Re: [tied] W's in Swedish??

From: tgpedersen@...
Message: 7683
Date: 2001-06-18

--- In cybalist@..., tgpedersen@... wrote:
> --- In cybalist@..., markodegard@... wrote:
> > Torsten writes:
> > > That's another question that came into my mind: Does
> > > American English retroflex r come from Dutch?
> >
> > I don't understand my own American Rs.
> >
> > I doubt, however, that the American R is Dutch derived. Rather,
> > General American accent starts in the NE corner of Ohio (the old
> > Western Reserve of Connecticut) and expands conically as it moves
> > west.
> >
> > The rhotic "non-RP" accent you find in most of the US and Canada
> > paralleled by 'West Country' accents found in England.
> >
> > The founder effects here are fascinating.
> I know that the 'West Country' founder effect is the standard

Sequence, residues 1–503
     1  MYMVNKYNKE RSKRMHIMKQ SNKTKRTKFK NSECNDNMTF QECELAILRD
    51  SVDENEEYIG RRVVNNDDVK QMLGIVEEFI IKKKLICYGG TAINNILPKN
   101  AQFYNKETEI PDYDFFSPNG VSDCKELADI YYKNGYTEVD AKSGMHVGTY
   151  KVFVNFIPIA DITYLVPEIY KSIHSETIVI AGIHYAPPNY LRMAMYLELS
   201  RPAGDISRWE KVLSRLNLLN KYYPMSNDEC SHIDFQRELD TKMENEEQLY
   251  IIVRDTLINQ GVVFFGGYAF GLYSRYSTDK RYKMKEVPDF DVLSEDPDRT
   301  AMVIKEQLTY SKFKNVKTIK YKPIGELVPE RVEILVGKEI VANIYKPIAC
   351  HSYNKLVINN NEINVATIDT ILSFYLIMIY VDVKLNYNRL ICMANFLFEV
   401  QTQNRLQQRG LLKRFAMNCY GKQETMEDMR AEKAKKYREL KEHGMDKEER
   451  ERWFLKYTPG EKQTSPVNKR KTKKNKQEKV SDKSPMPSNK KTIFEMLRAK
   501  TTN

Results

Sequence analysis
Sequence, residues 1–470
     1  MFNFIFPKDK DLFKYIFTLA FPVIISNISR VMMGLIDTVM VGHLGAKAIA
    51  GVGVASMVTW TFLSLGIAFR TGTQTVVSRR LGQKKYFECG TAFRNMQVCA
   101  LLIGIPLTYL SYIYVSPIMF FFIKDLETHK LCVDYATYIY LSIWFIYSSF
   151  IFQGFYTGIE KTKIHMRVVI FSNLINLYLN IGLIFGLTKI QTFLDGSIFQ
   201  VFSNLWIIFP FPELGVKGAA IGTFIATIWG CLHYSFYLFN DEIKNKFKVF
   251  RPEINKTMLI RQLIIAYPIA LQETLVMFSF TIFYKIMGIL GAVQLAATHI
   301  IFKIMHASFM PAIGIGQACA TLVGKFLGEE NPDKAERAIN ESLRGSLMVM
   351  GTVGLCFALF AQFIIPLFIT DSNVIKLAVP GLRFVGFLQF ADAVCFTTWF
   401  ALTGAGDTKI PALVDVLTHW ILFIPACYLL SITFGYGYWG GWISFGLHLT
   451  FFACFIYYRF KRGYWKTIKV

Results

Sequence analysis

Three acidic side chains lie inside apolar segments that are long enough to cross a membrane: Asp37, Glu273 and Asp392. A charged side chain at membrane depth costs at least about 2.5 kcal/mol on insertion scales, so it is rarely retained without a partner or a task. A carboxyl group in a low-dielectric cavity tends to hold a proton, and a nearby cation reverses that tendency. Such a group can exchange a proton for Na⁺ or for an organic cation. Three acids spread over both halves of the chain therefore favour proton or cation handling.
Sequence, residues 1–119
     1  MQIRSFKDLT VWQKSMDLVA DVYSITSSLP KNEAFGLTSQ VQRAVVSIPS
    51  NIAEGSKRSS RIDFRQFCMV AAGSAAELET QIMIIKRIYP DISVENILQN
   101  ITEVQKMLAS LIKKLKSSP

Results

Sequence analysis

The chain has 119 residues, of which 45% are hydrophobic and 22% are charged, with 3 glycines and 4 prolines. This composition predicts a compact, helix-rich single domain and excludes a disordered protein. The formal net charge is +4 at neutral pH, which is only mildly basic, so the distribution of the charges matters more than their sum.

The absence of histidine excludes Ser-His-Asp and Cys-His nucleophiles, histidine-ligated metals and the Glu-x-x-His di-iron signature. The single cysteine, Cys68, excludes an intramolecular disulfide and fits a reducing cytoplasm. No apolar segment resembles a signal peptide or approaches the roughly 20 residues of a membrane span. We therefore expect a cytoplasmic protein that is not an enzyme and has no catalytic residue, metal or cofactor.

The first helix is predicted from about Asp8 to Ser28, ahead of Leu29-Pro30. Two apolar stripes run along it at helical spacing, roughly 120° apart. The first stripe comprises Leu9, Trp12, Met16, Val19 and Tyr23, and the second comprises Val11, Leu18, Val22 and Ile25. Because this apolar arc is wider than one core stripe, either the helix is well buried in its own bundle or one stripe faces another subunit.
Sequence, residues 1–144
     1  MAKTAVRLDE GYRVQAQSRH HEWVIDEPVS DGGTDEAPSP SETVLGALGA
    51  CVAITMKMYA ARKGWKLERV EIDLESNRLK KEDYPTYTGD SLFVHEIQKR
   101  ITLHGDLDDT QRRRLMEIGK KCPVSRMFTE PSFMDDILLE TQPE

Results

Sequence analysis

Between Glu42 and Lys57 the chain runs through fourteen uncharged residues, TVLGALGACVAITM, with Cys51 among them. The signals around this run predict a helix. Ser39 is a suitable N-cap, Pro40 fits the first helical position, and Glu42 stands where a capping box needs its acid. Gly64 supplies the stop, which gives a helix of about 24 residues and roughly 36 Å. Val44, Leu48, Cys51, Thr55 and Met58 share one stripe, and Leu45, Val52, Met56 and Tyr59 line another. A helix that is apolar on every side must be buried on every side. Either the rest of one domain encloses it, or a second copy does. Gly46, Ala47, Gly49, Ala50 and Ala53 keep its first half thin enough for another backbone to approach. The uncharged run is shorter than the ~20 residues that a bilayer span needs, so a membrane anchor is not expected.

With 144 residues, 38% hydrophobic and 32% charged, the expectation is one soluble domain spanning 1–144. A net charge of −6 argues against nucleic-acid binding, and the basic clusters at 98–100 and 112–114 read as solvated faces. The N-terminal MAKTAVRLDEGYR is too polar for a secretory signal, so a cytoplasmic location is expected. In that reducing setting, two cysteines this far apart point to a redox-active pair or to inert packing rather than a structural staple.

> explanation. But how come those West Country folks started the
> American English standard dialect in NE Ohio and stayed away from
> England and the South (both of which are r-less, as British
> if my memory serves me well)?
> I still like my scenario better.

I just thought of another irritating fact. Upstate New York was
colonized by the Dutch (note the spelling and pronounciation of (the
originally Native?) Schenectady). The main entry route for immigrants
was up the Hudson river and along the canal from Albany
(Rensselaersburg) to Lake Erie.
And there are a few things about Pennsylvania Dutch that puzzle me.
Of course I know it's supposed to be German, not Dutch. But some of
the samples I've seen were not High German but Low German, which is
very close to Dutch. Pennsylvania Dutch was studied very early by
German linguist, who were happy to find some Deutschtum in the New
World. Would they have classified it as "probably a Dutch dialect"?

> Torsten